We have made a lot of progress since the days when Eleanor Roosevelt started her weekly press conference open only to female journalists, partly as an effort to force newspapers to hire at least one woman. But there is a long way to go.

We are still seeing the world mostly through men's eyes. We are still hearing it explained to us mostly by men. And for the one-third of stories that come from women, from the pictures we were fortunate to have thanks to Anja Niedringhaus, from the stories we've read thanks to Kathy Gannon, we know what a difference it makes to have women in the front lines of journalism.

Don't doubt it for a second.

Follow us on Twitter @CNNOpinion.

Join us on Facebook/CNNOpinion.

ADVERTISEMENT
Part of complete coverage on
updated 1:33 AM EST, Thu December 25, 2014
Danny Cevallos says the legislature didn't have to get involved in regulating how people greet each other
updated 6:12 PM EST, Tue December 23, 2014
Marc Harrold suggests a way to move forward after the deaths of NYPD officers Wenjian Liu and Rafael Ramos.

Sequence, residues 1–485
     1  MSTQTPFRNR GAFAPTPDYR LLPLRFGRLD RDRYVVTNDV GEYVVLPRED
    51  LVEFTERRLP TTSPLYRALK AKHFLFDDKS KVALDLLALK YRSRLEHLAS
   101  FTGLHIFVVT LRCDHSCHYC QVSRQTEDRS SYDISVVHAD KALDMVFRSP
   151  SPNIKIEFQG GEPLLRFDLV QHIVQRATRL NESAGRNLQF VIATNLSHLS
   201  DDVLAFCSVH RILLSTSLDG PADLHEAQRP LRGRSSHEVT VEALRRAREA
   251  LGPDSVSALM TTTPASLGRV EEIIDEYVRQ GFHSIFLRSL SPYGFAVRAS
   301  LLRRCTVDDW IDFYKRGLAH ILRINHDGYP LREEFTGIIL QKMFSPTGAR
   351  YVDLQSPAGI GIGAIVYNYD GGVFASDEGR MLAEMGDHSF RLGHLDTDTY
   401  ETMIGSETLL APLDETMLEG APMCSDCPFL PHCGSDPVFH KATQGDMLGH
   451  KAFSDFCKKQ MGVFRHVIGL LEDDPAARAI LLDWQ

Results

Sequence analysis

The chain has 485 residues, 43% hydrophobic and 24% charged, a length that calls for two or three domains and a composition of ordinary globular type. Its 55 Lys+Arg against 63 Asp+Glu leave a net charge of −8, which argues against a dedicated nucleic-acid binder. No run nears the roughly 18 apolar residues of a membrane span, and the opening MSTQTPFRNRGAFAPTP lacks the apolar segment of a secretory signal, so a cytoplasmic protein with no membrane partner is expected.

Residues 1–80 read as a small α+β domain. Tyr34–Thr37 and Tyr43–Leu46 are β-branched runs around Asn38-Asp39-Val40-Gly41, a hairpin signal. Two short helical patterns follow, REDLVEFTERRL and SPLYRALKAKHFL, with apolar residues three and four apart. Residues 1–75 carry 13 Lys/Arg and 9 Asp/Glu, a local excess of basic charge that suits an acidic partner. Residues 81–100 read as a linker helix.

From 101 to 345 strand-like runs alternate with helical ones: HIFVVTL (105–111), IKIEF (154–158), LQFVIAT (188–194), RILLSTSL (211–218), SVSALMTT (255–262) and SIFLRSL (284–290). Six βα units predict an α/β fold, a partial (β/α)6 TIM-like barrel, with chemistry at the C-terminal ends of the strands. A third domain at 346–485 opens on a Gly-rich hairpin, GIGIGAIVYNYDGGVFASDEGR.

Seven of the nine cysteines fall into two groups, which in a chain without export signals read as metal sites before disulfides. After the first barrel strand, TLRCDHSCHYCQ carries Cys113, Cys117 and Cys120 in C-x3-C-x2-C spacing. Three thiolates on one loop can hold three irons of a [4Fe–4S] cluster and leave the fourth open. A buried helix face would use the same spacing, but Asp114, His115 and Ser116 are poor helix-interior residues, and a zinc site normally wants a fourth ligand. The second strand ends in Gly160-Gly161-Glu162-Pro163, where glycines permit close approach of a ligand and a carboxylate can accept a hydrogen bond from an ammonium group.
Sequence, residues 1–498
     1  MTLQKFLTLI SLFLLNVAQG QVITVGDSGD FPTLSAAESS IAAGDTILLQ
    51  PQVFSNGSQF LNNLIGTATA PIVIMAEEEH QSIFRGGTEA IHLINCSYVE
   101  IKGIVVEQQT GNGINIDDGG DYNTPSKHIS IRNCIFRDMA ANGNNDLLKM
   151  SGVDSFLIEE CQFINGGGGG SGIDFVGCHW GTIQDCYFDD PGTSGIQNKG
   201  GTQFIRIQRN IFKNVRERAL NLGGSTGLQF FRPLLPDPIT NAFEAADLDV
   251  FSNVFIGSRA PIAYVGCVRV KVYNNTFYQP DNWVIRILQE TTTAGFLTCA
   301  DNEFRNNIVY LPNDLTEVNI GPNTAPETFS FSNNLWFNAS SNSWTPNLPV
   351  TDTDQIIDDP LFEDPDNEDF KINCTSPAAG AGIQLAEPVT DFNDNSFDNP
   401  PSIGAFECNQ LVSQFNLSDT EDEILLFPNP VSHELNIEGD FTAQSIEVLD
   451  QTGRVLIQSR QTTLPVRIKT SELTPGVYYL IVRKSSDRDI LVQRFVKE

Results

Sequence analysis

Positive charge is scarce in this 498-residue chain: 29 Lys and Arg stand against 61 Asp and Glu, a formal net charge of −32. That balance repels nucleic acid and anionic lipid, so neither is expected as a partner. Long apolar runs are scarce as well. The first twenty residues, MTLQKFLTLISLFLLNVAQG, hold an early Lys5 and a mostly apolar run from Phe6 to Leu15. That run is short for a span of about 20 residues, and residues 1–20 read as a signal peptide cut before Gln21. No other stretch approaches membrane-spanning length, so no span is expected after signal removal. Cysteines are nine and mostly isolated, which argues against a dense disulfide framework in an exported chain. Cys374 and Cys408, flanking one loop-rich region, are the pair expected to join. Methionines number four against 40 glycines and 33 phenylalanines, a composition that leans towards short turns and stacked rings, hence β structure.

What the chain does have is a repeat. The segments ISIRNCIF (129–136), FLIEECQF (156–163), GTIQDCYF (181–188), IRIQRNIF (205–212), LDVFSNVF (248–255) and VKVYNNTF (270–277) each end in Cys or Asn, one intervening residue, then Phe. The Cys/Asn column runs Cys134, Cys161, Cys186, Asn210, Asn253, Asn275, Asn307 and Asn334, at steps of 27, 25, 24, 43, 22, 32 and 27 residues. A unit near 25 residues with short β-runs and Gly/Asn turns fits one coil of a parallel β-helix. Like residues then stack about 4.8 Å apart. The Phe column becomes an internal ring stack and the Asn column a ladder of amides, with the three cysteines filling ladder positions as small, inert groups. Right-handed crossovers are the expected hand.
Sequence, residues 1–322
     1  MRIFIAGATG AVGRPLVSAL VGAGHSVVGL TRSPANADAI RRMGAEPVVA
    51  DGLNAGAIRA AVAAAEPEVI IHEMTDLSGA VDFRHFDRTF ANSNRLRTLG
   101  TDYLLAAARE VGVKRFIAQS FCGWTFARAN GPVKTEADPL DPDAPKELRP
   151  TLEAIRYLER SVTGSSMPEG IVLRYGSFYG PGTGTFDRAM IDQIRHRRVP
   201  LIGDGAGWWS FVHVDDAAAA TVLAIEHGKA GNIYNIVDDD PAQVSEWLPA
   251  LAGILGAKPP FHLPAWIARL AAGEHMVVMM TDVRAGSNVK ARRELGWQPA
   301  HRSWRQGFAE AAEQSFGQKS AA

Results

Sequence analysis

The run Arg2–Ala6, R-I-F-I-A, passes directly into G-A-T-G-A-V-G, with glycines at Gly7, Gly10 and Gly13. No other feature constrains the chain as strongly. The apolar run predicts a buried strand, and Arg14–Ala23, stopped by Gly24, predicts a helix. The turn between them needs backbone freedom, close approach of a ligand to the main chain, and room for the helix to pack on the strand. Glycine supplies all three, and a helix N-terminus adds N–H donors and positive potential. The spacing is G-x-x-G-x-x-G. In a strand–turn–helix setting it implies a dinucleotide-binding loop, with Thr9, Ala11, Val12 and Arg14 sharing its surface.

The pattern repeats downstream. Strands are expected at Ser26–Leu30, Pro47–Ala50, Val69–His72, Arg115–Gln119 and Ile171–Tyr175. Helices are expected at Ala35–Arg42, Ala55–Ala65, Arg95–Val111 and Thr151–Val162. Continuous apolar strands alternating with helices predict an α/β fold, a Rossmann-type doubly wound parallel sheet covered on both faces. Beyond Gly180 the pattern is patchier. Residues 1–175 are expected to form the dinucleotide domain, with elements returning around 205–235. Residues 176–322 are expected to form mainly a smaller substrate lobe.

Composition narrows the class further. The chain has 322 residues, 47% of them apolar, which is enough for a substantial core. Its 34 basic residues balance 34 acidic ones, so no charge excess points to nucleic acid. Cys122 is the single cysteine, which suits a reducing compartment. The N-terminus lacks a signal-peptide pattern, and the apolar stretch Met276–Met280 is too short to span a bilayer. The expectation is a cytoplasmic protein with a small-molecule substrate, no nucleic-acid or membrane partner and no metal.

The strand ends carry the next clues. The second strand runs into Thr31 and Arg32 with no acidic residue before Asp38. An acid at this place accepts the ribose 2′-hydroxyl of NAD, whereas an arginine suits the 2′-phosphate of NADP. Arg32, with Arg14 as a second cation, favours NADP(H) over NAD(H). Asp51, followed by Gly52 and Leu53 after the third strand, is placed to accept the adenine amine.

updated 8:36 AM EST, Wed December 24, 2014
Simon Moya-Smith says Mah-hi-vist Goodblanket, who was killed by law enforcement officers, deserves justice.
updated 2:14 PM EST, Wed December 24, 2014
Val Lauder says that for 1,700 years, people have been debating when, and how, to celebrate Christmas
updated 3:27 PM EST, Tue December 23, 2014
Raphael Sperry says architects should change their ethics code to ban involvement in designing torture chambers
updated 10:35 PM EST, Tue December 23, 2014
Paul Callan says Sony is right to call for blocking the tweeting of private emails stolen by hackers
updated 7:57 AM EST, Tue December 23, 2014
As Christmas arrives, eyes turn naturally toward Bethlehem. But have we got our history of Christmas right? Jay Parini explores.
updated 11:29 PM EST, Mon December 22, 2014
The late Joe Cocker somehow found himself among the rock 'n' roll aristocracy who showed up in Woodstock to help administer a collective blessing upon a generation.
updated 4:15 PM EST, Tue December 23, 2014
History may not judge Obama kindly on Syria or even Iraq. But for a lame duck president, he seems to have quacking left to do, says Aaron Miller.
updated 1:11 PM EST, Tue December 23, 2014
Terrorism and WMD -- it's easy to understand why these consistently make the headlines. But small arms can be devastating too, says Rachel Stohl.
updated 1:08 PM EST, Mon December 22, 2014
Ever since "Bridge-gate" threatened to derail Chris Christie's chances for 2016, Jeb Bush has been hinting he might run. Julian Zelizer looks at why he could win.